Back at the baby’s home in the 500 block of Tomahawk Trail, however, police saw items in the home that raised their suspicions and sought a search warrant, the IMPD report states. The apartment is south of 10th Street and west of Girls School Road.

    By day’s end, police arrested the boy’s father — Charles Boston, 34 — on preliminary charges of dealing and possessing marijuana. From the apartment, they confiscated 28 marijuana plants and a lamp used for growing them, police said, in addition to a grinder and other items used for preparing marijuana for sale. Police also confiscated a 9 mm rifle and ammunition.

  12. Duncan20903 says:


    Another study of drinking alcohol, (some) drugs and the incidence of metabolites in the bodily fluids of drivers involved in fatal collisions in 2007.
    Study: Marijuana involved in fewer fatal wrecks than other drugs

    I recall one of the first accidents involving a fatality which found that one of the drivers was cannabis addled which came to my attention. I’ve related this story on this blog previously. I’m only repeating it because by happenstance that collision occurred in 2007. There was no need for testing, the police recovered his pipe and headstash from the driver’s foot well, a proverbial smoking gun (bowl?). It was in Pennsylvania so there was no need to prove actual impairment to convict him.

    The details of the collision found the cannabis addled man stopped at a controlled intersection waiting for the light to turn green. He was rear ended by a drunk driver with a BAC significantly in excess of the per se “limit” and it was the drunk that died. None of these details mattered to the ONDCP, they put a link on their home page and claimed that the collision was caused by the cannabis addled man, and never mentioned that the other driver was 3 sheets to the wind drunk. So was this particular driver included in the study?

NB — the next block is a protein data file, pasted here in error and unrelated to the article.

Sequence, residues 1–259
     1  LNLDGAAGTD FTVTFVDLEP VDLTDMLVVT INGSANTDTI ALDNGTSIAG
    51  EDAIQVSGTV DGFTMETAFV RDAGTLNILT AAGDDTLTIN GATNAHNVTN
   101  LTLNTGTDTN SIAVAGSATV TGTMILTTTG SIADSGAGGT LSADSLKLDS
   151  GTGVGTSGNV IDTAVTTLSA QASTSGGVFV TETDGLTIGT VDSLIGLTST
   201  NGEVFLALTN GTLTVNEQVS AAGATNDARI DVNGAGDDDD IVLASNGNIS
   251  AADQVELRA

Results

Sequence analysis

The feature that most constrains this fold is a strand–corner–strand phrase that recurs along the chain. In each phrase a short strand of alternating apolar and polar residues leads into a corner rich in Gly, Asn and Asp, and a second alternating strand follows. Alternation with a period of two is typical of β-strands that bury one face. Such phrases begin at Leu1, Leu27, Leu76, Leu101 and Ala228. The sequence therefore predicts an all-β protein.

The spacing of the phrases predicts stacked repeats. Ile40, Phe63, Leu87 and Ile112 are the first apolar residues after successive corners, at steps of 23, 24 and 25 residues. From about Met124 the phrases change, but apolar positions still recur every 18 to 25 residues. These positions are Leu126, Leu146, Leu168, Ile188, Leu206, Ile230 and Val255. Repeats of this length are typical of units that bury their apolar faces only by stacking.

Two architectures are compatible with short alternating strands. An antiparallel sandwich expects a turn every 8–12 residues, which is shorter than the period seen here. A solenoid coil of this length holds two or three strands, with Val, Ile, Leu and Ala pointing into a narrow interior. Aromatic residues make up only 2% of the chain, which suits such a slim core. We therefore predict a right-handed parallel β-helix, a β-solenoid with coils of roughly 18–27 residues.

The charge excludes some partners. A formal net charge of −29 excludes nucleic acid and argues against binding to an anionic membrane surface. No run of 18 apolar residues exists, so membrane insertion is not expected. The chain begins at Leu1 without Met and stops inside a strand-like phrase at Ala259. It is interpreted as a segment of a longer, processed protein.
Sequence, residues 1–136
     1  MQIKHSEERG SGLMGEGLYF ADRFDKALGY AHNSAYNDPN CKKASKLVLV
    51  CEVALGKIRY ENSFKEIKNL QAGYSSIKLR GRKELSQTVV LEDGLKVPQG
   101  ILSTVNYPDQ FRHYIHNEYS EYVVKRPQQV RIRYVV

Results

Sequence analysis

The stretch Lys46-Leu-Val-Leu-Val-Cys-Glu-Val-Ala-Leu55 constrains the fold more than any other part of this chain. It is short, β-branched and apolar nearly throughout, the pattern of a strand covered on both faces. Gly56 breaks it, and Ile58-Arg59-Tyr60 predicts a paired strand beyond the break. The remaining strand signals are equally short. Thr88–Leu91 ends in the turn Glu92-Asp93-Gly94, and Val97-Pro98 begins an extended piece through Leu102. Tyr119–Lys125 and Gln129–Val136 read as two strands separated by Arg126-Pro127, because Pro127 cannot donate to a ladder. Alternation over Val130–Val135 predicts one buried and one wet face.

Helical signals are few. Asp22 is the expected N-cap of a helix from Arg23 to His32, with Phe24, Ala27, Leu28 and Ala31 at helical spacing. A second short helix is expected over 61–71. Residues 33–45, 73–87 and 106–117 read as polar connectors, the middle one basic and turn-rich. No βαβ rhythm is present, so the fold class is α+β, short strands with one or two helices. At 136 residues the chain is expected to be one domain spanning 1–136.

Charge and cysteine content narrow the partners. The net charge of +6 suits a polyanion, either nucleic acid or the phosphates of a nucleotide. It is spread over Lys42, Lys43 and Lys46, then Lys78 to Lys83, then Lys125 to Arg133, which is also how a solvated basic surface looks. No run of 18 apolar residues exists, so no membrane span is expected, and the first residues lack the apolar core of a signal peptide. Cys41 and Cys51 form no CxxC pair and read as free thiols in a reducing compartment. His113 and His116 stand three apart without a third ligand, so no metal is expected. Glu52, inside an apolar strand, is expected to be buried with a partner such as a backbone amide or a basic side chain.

The studies results said cannabis addled driving caused a 1.83x higher chance of fatal collision than sober. Drinking alcohol at 13.64x and just to annoy me drinking alcohol combined with any of the popular substances on the naughty lists was quantified at a 23.24x increase. The rat bastard scientist who did the study didn’t bother to break out drinking alcohol combined with only cannabis. Would anyone care to speculate why that makes me want to jump to the conclusion that there was no hysterical rhetoric value in publishing that number?

    Just to add insult to injury they’re charging $41.95 for the privilege of reading this piece of junk science. I’ll offer to let them kiss my ass in lieu of that fee but I’m sure not going to validate the production of bullshit posing as science with actual money.

  13. stlgonzo says:

    North America’s Largest City Moves to Legalize Pot

  14. DdC says:

    Protect Marijuana Legalization and Fight the DEA

    Thanks to you, marijuana legalization is a reality. But ex-DEA heads are pressuring the Obama administration to overturn the marijuana legalization laws in Colorado and Washington. Don’t let the DEA stand in our way — make a gift today!

    Our opponents are threatened by our progress and will do anything they can to stop the momentum of our movement. But we’re fighting back and leading a campaign to take on the Drug Enforcement Administration.

    Nixon created the DEA as the machine to power his declared war on drugs. It’s a costly, ineffective institution that uses a blunt law enforcement approach to a complex public health problem. It promotes lies about marijuana and other drugs, blocks medical marijuana research and raids marijuana distributors who are operating legally under state law. It even intimidates pain management doctors and is illegally using NSA and CIA programs to spy on Americans.

    We’ve had enough of the DEA and we’re doing something about it. Help us raise $10,000 by this Thursday, October 17. We’re making great progress but we still haven’t heard from you.

    The DEA should not be in the business of determining which drugs are medicines, blocking scientific research, undermining state marijuana laws and using illegal practices in the name of the drug war. And it certainly should not be kicking down thousands of doors, tormenting families and wreaking havoc. Yet the DEA’s out-of-control behavior has been unchecked for 40 years — and is even funded as “essential” during the government shutdown.

    With your help, we’re ready to take on the DEA. We’re working to slash its wasteful budget and building momentum for congressional hearings on its outrageous practices. We have legislation in Congress that would ensure that the DEA can’t interfere in states with marijuana legalization laws. And we’re exposing the appalling nature of the DEA, demanding real oversight and an end to its brutal, counter-productive tactics.

    If you want to end the war on drugs, the DEA needs to be targeted. Help us do it. Donate today.


    Ethan Nadelmann
    Executive Director
    Drug Policy Alliance